John Cooper, 100th Civil Engineer Squadron Lock Shop, and a Ministry of Defence civilian, chisels out part of the door edge, before installing an Assa mortice lock on a conference room door March 14, 2007, in the 95th Reconnaissance Squadron, in Building 707. The lock smiths often have to make minor adjustments to doors and fittings to ensure locks fit properly and are secure. (U.S. Air Force photo by Airman Brad Smith)
Tech. Sgt. Phillip Young, a locksmith from the 100th Civil Engineer Squadron, hammers a strike plate into a door wall March 14, 2007, at the 95th Reconnaissance Squadron, in building 707. (U.S. Air Force photo by Airman Brad Smith)
by Karen Abeyasekere
100th Air Refueling Wing Public Affairs
3/22/2007 - RAF MILDENHALL, England -- The other day I picked my first padlock - it's a good thing I wasn't breaking into a building, because the police would have been there before I got half-way through the 20-minute job.
Now, before anyone calls security forces to turn me in, I just want to point out it was under the watchful eyes of Tech. Sgt. Phillip Young and Ministry of Defence employee John Cooper, who operate the 100th Civil Engineer Squadron Lock Shop.
By the way, the padlock I was picking wasn't actually attached to anything at the time.
Responsible for the security of all buildings on base, the locksmiths - tucked away in a small building by the base car wash - make sure nobody gets into any secure locations without a key.
They're also the only people on base who are certified to install, modify and maintain secret classified storage containers.
"The base is on a master system (for building locks) using Assa keys, which work off a code," said Sergeant Young. "We use specialized, RAF Mildenhall-specific locks and keys, meaning no one can go downtown and duplicate a key."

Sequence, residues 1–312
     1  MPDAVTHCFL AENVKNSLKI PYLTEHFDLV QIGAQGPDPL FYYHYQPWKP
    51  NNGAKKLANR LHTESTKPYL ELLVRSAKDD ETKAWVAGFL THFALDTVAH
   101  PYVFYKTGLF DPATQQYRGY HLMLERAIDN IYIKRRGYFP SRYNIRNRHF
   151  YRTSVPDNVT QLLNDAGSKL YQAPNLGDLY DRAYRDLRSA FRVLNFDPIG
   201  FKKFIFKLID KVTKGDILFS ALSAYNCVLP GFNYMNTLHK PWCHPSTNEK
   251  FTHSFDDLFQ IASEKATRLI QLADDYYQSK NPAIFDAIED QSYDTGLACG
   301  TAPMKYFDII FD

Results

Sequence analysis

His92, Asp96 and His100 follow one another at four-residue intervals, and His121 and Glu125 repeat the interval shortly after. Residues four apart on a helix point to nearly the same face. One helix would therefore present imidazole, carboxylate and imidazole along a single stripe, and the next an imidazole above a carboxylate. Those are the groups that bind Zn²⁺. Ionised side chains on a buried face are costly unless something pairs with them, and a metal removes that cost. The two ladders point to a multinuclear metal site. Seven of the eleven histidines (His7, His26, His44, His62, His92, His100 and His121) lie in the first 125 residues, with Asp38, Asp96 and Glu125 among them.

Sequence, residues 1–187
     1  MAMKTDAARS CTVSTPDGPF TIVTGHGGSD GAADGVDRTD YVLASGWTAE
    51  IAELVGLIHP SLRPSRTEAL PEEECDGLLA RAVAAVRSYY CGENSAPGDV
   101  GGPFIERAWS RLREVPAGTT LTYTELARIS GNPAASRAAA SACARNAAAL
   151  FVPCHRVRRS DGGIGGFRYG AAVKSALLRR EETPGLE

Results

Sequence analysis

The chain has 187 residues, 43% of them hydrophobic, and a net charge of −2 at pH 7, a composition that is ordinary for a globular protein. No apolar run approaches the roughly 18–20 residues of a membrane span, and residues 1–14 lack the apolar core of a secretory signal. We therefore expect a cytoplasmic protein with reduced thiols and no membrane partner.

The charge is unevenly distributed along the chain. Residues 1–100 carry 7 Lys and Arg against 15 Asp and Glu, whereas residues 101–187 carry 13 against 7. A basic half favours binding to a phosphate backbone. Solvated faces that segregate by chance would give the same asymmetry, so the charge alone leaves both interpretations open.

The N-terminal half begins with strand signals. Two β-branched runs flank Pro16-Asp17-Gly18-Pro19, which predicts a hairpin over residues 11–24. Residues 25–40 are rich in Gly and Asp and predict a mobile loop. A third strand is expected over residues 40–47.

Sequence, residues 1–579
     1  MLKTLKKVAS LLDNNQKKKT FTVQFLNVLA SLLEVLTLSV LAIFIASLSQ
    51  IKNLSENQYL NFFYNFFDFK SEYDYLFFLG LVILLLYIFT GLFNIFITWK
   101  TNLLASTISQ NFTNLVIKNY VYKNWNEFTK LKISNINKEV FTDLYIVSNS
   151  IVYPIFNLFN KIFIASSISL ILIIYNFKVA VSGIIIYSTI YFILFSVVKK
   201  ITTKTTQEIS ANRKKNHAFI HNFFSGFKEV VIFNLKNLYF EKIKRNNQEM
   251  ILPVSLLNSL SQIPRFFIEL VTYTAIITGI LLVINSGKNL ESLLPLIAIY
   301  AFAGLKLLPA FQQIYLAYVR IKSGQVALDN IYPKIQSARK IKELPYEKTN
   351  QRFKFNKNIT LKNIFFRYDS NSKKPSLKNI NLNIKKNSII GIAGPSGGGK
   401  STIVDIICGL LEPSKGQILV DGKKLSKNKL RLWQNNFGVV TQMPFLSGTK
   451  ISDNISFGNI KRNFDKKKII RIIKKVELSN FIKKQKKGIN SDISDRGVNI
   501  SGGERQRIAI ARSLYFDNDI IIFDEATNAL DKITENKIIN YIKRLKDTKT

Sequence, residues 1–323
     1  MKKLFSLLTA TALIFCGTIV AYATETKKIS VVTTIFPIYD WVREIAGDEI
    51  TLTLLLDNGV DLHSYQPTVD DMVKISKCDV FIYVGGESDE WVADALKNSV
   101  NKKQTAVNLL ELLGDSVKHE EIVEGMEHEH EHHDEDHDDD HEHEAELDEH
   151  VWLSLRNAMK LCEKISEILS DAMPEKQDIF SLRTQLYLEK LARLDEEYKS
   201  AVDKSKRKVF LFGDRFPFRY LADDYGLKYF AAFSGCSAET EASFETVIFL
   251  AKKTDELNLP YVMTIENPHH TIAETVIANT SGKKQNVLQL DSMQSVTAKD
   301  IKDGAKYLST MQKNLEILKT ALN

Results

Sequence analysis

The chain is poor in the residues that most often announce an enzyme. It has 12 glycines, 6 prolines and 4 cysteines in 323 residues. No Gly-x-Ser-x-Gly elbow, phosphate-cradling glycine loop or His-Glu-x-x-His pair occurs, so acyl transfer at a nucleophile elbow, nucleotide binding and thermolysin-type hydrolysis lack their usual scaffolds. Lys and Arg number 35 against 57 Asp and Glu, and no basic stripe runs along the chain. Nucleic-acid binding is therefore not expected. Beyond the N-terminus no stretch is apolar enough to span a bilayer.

Anyone officially needing a building key must submit a work order, together with the building number and key number, so a key can be cut without the customer having to go to the lock shop.
There are several different security classes of padlock - the one I was trying to open without a key was Class 1 - the most basic. The locksmiths showed me how they sometimes have to open a lock in an emergency, such as if a key has broken in the lock, or if the key is lost and they need to get into the padlocked area, then let me try my hand at it. It certainly wasn't as easy as they made it look, and I had to admit defeat on the Class 2 padlock.
"The locks go up to Class 4 security classification, which consist of a side bar (a system on the side of the barrel)," said Mr. Cooper. "The locks have bottom pins and master pins which drop into a cylinder; they're made exclusively for RAF Mildenhall, so keys can't be cut anywhere else."
While not all facilities on base are fitted with Assa locks, Mr. Cooper said the older locks are being replaced as needed with the new locks, which are base standard.
The locksmiths are in charge of more than 6,000 keys, and they perform maintenance on more than 25 vaults, 350 safes and similar security areas. The two play almost as big a part in base security as security forces members do.
If they're not installing door locks or cipher locks, they're usually repairing broken locks.
Putting a lock on a new door takes about 45 minutes, according to Sergeant Young.
First, they cut two holes right through the door, one for the lock and the other for the handle. Then they fit the Assa lock and key barrel, making sure the lock and handle meet correctly, and that it fits the slot on the other part of the door.
However, sometimes they run into problems.
"Self-help projects can be a real headache for us," said Sergeant Young. "Sometimes there isn't enough cut out of the rebate (the narrow edge of the door), which means we often need to fine tune annoying problems during installation. It might be that doors aren't flush or level, so the locks won't fit properly - we have to modify the door or the locks; basically, whatever it takes to get it to work, including adding extra fittings if necessary."
Whatever modifications are made, however, don't affect the lock mechanism or security. The Assa locks have a sidebar, with additional pins - top pins as well as side pins, which work in conjunction with the key; the key sits at a certain height which works with the pins, the pins drop down, and the key then opens the door.
So the next time you use your key at work, think about all the work that went into getting that lock on your door, and of the security it's giving you - and of the two base locksmiths helping it stay that way.